A handful of luxury houses offer workshops that provide a hands-on understanding of what makes a timepiece tick.
SEVERAL times a month, Objectif Horlogerie, a watchmaking workshop in Paris, teaches six adult students some of the mysteries of mechanical timepieces.
The students, dressed in white coats, sit behind high workbenches. With tiny tweezers and screwdrivers, they take a four-and-a-half-hour plunge into the microscopic depths of a watch movement.
“Our students are typically men between 25 and 60 years of age, from all walks of life,” said Samir Khemici, who founded Objectif Horlogerie in 2011. “Demand is highest during Christmas or Father’s Day.”
Four years ago, Khemici, a watch lover and sometimes collector, left a career in finance to explore the entrepreneurial opportunities available in the watch world, beyond selling or manufacturing.
“I have been passionate about watches for a long time and was devoting a lot of time to that passion,” Khemici said. “I took a chance by opening this business, but I had sensed the demand.”
Objectif Horlogerie is not a professional school for watchmakers, only a workshop for adults interested in understanding the basics.
“I wanted the school to be open to the public and not be associated with a watch brand,” Khemici said.
After a brief introduction to the history of time measurement, starting with ancient sundials, students test their skills under the guidance of a watchmaker in taking apart and re-assembling a mechanical movement.
The challenge is both simple and daunting. If properly re-assembled, the movement will start ticking again.
“We work on a Swiss ETA movement reference 6498, of the type used in certain models by IWC, Panerai or Zenith,” Khemici said.
The process of re-assembling requires precision, dexterity and just the right amount of pressure applied to the 60 minuscule parts that must be reinserted in the right place and the right order, for the balance wheel to start moving again.
“The point is to show our students how energy is transferred in the mechanism of a watch,” Khemici said. “Some of our students know little about watches, others don’t even wear one, but all are curious about how a mechanical watch functions.”
At the end of the class, the students are rewarded with a certificate of completion and the satisfaction that comes with having overcome a formidable challenge, for a fee of €290, or about US$315 (RM1,166).
“When you see the complexity of a movement, you understand why watch repairs are so costly,” he said.
Khemici has since opened workshops in five other French cities as well as in Brussels, Geneva and Luxembourg. Objectif Horlogerie is also adding a programme of visits within the industry. Last January, the company organised a two-day trip to Geneva during the SIHH trade show for 20 clients, including meetings with watchmakers at AHublot, lunch with the independent watchmaker Ludovic Ballouard and a visit to MB&F’s M.A.D. Gallery, and a tour of the Patek Philippe museum outside business hours.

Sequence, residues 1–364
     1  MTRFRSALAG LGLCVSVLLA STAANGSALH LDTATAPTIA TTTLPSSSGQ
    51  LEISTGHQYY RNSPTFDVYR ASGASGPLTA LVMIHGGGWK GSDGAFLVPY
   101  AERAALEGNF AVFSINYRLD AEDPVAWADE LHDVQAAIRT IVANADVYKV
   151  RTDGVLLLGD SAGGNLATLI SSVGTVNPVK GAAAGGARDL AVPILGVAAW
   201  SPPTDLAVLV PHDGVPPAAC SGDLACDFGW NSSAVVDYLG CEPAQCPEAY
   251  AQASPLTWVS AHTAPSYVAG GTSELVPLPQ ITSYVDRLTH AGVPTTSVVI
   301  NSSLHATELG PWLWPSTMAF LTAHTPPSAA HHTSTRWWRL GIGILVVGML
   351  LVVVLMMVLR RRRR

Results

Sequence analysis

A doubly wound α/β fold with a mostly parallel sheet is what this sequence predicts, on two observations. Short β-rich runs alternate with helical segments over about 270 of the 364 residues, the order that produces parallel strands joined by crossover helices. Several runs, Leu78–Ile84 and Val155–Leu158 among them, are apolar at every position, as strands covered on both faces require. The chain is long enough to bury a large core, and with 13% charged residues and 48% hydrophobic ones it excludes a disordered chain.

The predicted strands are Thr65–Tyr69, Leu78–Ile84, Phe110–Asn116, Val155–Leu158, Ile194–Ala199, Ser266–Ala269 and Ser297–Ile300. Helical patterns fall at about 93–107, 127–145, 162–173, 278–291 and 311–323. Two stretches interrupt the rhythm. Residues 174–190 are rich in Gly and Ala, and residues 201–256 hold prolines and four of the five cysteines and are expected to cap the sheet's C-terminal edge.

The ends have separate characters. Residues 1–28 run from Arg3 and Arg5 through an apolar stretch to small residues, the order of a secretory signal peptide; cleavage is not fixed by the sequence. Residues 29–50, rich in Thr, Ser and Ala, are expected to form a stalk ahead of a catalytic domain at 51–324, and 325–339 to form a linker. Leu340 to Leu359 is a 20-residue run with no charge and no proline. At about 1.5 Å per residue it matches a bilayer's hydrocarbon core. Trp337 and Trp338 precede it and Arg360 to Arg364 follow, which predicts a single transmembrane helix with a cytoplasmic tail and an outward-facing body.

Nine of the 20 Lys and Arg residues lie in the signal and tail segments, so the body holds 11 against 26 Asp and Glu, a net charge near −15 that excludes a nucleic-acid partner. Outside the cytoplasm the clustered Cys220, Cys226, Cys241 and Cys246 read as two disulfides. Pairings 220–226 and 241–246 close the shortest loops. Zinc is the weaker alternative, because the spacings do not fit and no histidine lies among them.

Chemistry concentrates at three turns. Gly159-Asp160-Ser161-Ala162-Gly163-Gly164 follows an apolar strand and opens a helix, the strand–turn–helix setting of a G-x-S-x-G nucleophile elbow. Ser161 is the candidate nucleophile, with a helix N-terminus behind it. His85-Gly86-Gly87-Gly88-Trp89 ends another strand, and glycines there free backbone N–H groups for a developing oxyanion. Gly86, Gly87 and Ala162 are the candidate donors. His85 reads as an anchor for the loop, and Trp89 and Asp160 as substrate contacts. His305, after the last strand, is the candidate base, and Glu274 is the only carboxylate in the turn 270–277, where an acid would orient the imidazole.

He is not alone in having sensed an opportunity on the pedagogical side of watchmaking.
In recent years, a number of watchmaking workshops have been set up, though most are affiliated with a brand or offered as an added service to clients.
The best known is perhaps the Masterclass in Fine Watchmaking offered by the Swiss watch and clock company Jaeger-LeCoultre, to select clients under the eye of a watchmaker from Jaeger’s own manufacturing site in the Vallée de Joux in Switzerland. Students are invited to explore “the living heart” of a Jaeger caliber 986. Classes are also organised at the Jaeger boutique on the Place Vendôme in Paris, or in other boutiques on client request, and online.
Cartier offers workshops to clients invited on visits to the brand’s watchmaking ateliers.
The Fondation de la Haute Horlogerie in Geneva also offers a monthly workshop, called “Change places with a watchmaker.” The three-and-a-half-hour course costs 350 Swiss francs, or about US$355 (RM1,314).
Van Cleef & Arpels has taken a further step to capitalise on curiosity about watch and jewellery manufacturing. In 2012, L’École Van Cleef & Arpels, on the Place Vendôme, started offering courses to the public on the history of time, and workshops around mechanical movements and jewellery setting.
“The programme was born out of a desire to educate the public and provide a greater understanding of the art of watch and jewellery making and the savoir-faire involved in these crafts,” said Marie Vallanet-Delhom, president of the school.
The four-hour courses are offered in French and English, one day a month, at a cost of €300 (RM1,177) for the history of watchmaking, and €600 (RM2,354) for the mechanical movement.
The programme was so well received that a year later the company decided to take its courses on the road, travelling to Tokyo in 2013 and to Hong Kong last summer.
Next June, the school will set up its first workshop at the Cooper Hewitt museum in New York, where for three weeks it will offer half-day mechanical watch workshops for adults along with a “Create your Clock” workshop for children.
“We want to be present wherever interested students are located,” Vallanet-Delhom said. “There is a palpable fascination everywhere for the mechanical watch.”— INYT